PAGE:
At Home: A Short History Of Private Life - Bill Bryson

Another entertaining travel book from Bill Bryson, this time through his  home. Everyday objects and domestic rituals provide the launch pad for a brilliant excursion into social history.

Why, asks Bill, is the parish church next door to his Norfolk home sinking into the ground? It turns out the church is not sinking, the land is rising. About twenty thousand people are buried about it. Counting the neighbouring parishes, he finds himself surrounded by a quarter of a million burials. All this in a quiet rural village “where nothing much has ever happened.” 

The introduction is an amuse-bouche to a buffet of bizarre and unlikely stories that are all true.

Our delight and confusion with domestic technology offers many anecdotes that resonate today. Here’s a couple of paragraphs about the telephone. He could be talking about the world wide web.

For most people the telephone was such an incomprehensible novelty that Bell had to explain exactly what it did. ‘The telephone,’ he wrote, ‘may be briefly described as an electrical contrivance for reproducing in different places the tones and articulations of a speaker’s voice so that Conversations can be carried on by word of mouth between persons in different rooms, in different streets or in different Towns ... The great advantage it possesses over every other form of electrical apparatus is that it requires no skill to operate the instrument.’

Phones were orginally seen as providing services - weather reports, stock market news, fire alarms, musical entertainment, even lullabies to soothe restless babies. Nobody saw them as being used primarily for gossip, social intercourse or keeping in touch with friends and family. The idea that you would chat by phone to someone you saw regularly anyway would have struck most people as absurd.

For me, this book was a first. I read At Home on an iPad using the Kindle app, the book having downloaded while I had my feet up on the couch and a lazy desire for an easy read. The experience wasn't much different from reading a printed book. Until you went outside and found the back-lit screen couldn't compete with the sun. That annoyance is made up for by an index that takes you to each reference's page with a tap, along with the ability to take notes and so build your own index.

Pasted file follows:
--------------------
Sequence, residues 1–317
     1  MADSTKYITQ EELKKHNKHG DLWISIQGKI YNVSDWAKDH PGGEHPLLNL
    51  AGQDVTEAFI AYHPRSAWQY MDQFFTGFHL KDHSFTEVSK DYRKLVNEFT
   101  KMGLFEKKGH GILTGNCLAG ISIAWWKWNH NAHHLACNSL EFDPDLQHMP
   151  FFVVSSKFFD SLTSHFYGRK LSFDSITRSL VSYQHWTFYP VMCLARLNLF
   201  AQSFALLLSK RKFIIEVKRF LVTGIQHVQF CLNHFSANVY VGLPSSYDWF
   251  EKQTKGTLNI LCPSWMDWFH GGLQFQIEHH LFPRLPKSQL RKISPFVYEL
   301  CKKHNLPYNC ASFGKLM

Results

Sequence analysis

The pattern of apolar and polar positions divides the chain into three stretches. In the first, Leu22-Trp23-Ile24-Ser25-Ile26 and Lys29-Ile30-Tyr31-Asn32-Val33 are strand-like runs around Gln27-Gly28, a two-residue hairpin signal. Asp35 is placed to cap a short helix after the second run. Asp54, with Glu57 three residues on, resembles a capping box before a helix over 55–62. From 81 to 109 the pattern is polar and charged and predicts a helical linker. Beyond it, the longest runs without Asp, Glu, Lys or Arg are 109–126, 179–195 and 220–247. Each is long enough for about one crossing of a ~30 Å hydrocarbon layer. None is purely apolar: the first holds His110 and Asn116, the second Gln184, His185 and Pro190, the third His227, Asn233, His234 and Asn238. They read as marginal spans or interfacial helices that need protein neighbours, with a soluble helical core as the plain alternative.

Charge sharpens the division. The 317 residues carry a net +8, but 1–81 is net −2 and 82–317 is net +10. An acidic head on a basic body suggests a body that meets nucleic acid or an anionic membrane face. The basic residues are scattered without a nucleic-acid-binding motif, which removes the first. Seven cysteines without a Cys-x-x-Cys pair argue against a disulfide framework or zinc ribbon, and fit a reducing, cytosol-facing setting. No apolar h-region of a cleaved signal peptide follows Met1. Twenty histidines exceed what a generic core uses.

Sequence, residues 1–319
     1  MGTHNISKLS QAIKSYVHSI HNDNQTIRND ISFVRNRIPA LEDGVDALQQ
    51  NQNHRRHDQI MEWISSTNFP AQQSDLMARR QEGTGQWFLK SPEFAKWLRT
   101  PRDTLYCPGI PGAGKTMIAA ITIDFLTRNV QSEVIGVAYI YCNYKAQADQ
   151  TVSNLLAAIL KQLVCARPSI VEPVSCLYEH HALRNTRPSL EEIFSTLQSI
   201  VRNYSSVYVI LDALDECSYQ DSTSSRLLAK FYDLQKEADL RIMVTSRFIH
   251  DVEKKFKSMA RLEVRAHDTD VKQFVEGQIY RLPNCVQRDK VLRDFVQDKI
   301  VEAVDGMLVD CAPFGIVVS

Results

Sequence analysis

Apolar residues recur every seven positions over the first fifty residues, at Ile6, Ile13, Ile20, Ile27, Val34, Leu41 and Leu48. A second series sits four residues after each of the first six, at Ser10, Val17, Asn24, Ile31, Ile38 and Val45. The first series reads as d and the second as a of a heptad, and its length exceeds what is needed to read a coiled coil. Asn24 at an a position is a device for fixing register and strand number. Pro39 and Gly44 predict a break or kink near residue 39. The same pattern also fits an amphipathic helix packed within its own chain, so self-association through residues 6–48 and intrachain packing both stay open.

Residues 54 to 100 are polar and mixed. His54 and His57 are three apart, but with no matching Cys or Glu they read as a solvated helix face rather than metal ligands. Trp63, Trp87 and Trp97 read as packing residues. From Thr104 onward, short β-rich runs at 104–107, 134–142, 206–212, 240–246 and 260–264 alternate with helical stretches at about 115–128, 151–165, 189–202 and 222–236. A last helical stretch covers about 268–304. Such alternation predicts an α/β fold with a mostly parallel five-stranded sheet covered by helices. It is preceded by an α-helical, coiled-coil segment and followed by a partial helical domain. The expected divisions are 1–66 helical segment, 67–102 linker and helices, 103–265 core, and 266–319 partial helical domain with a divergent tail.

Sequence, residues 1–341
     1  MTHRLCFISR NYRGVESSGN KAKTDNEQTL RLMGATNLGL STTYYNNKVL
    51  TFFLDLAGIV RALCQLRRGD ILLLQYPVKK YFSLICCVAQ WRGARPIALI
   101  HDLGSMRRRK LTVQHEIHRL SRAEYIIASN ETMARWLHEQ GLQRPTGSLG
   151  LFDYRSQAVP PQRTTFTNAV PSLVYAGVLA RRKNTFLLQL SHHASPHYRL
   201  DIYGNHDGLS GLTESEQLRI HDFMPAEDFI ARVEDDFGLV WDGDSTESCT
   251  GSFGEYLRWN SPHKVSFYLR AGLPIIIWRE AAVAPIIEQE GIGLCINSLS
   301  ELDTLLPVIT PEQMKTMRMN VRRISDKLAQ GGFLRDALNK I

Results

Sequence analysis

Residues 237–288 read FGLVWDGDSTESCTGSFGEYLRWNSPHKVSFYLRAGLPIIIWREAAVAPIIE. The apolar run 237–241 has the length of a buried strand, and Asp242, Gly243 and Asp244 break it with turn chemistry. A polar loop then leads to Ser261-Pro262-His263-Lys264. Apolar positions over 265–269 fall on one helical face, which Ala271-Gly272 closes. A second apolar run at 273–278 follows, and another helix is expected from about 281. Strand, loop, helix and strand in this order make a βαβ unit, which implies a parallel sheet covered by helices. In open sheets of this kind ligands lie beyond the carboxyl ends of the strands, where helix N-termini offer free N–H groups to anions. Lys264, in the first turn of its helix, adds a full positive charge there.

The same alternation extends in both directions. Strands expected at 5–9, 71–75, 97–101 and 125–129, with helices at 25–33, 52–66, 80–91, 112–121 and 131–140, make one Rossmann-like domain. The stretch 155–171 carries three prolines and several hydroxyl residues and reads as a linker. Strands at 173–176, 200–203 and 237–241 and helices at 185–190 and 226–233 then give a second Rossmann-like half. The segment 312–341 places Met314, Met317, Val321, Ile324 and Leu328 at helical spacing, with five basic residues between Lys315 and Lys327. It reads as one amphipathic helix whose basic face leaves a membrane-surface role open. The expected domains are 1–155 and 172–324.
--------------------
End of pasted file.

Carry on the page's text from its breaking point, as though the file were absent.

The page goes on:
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Another great review, go i-pad kindle apps!
I enjoyed this book last week myself.  Bryson is a great "fan" of Australia, and I am glad to see his work finds enthusiastic readers in your wonderful country.  In my opinion, this book is nothing short of a social history of western civilization, as told by using the author's English countryside home as a metaphor.  The text is rambling and disjointed, but somehow with Bryson's great humor it never becomes dull.  Especially interesting are the conclusions he draws about the protracted search for comfort by western Europeans from the neolithic age to modern times, and it ends with an unnerving musing about the consequences for our planet when the rest of the world decides our comfort level should be shared with them.  A very good read.  (I read it the old fashioned way, which is good because I was interrupted so often over the holidays while I was enjoying it!!!)



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